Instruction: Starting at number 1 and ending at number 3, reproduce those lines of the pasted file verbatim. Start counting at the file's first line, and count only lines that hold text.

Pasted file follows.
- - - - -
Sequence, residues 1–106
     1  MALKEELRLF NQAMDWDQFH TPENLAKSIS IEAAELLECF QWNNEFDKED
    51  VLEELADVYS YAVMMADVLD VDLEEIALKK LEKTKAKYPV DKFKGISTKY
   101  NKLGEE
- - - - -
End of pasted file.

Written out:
Sequence, residues 1–106
     1  MALKEELRLF NQAMDWDQFH TPENLAKSIS IEAAELLECF QWNNEFDKED
    51  VLEELADVYS YAVMMADVLD VDLEEIALKK LEKTKAKYPV DKFKGISTKY